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Community volunteer steps down after 30 years of service, reveals her real name

A well-known Estevan volunteer, who helped secure 30 festive and happy Christmases for thousands of local families, has announced she will be stepping down from her position.
Char Seeman who co-chaired the Estevan Community Hamper Association and Angel Tree decided to step down from her role after 30 years with the committee.

ESTEVAN — A well-known Estevan volunteer, who helped secure 30 festive and happy Christmases for thousands of local families, has announced she will be stepping down from her position.

Char Seeman, whose real name is Charlotte (and not Charlene as many people have been calling her for years), decided to retire from volunteering and leading the Estevan Community Hamper Association and Angel Tree after three decades of service.

"I just thought everything needs a change. It's time for someone else to take over; it's good to have new blood. And my kids would really like to have a Christmas," Seeman shared with a laugh, adding that if it wouldn't have been for her extended family taking over Christmases for them all these years, their kids wouldn't have had the holidays.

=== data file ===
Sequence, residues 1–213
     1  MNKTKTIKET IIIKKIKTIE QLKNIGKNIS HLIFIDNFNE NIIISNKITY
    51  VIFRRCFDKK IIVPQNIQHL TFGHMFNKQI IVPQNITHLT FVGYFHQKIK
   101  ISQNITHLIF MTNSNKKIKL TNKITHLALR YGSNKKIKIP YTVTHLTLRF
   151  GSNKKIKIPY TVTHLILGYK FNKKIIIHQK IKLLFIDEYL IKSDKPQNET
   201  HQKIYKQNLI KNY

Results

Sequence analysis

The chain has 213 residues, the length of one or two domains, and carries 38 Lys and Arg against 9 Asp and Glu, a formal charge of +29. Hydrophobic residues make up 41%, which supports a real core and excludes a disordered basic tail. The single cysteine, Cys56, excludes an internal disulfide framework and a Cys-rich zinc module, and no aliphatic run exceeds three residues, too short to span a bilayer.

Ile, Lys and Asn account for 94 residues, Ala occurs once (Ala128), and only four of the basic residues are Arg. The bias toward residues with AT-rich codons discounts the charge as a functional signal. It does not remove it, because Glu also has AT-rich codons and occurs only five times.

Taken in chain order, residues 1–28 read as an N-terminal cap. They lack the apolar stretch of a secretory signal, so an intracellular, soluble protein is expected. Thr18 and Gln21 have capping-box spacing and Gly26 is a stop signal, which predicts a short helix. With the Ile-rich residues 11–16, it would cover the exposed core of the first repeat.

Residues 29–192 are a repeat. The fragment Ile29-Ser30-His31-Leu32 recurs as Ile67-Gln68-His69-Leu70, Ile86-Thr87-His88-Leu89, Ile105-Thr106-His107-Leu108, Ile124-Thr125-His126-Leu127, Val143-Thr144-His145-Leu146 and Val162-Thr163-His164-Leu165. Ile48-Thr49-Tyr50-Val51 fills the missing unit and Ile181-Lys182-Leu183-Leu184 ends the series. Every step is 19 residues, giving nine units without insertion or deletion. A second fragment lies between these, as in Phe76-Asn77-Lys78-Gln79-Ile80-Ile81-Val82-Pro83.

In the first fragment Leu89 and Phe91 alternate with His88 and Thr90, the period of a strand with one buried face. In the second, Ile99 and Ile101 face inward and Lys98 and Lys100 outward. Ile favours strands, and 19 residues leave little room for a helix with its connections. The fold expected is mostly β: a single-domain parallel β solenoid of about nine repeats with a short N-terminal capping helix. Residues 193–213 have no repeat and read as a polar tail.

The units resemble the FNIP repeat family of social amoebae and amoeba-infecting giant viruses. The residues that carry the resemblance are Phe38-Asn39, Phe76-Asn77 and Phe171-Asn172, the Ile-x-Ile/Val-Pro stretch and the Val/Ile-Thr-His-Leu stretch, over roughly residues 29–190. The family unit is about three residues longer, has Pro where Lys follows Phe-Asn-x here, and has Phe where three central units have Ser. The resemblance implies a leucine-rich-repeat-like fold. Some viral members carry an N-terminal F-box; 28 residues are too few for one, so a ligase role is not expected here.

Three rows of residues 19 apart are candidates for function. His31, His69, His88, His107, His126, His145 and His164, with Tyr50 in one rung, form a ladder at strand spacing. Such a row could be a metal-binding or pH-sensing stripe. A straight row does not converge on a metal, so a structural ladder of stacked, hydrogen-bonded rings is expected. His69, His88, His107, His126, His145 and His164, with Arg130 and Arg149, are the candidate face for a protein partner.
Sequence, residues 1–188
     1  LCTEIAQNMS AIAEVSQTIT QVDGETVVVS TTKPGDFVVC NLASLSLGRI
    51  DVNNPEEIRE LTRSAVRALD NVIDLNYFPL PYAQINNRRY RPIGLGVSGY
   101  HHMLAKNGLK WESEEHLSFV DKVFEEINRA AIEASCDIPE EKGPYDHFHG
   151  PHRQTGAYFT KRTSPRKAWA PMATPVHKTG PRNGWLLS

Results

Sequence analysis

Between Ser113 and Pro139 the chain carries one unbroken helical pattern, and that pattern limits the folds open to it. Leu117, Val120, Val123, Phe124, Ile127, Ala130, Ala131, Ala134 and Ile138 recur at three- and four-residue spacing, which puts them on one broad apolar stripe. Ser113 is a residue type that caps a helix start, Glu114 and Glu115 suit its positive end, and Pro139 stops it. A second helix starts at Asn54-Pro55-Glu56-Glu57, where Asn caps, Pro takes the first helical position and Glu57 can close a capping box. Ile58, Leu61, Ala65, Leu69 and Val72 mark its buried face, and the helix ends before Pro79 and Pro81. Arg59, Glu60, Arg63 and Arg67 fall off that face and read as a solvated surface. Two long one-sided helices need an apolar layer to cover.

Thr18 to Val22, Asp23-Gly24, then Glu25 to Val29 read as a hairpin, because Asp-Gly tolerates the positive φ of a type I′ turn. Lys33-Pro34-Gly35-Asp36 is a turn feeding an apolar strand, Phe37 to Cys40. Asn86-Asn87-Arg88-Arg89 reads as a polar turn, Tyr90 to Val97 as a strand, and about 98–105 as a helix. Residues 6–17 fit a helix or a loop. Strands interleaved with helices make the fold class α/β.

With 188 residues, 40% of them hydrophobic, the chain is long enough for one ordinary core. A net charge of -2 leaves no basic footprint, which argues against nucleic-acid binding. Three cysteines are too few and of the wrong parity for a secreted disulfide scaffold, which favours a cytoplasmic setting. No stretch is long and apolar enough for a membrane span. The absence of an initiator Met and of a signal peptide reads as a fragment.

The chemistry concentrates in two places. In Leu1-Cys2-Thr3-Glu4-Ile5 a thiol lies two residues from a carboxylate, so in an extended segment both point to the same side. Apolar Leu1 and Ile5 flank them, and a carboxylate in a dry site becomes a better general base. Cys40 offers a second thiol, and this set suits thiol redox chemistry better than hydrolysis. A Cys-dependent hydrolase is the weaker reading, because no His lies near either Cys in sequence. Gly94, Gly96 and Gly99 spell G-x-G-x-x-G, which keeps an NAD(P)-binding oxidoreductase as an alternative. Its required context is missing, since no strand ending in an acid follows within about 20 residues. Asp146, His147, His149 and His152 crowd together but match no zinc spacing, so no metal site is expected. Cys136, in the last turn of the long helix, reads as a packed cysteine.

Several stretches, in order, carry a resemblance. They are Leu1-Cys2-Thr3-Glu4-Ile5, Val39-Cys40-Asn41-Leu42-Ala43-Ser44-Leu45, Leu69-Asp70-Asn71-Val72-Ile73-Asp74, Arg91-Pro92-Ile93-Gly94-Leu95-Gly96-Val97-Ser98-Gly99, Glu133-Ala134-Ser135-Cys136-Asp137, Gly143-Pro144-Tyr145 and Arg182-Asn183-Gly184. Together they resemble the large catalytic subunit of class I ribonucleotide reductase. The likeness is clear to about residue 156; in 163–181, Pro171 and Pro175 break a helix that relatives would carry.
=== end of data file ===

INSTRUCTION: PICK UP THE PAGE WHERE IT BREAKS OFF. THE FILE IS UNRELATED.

Her journey and mission of ensuring that every kid in Estevan has a gift to unwrap on Christmas day started many years ago when she decided to join her mom in volunteering with the Angel Tree.

"My mom was actually involved in it," Seeman recalled. "And when I was off on maternity leave with my daughter, she asked me if I wanted to help them. That's how I started helping with the Angel Tree. And then it just grew from there, I decided to help with Angel Tree, and then I took over the Angel Tree. And then when Kevin Smith decided to stop doing the hamper part of it, I took over all of it."

Heather Woodhouse has co-chaired the committee.

Since then, every December turned into a blur, but the vision that no matter what the circumstances are, every child has to have a gift and everybody has to have a nice meal for Christmas, which kept her in it.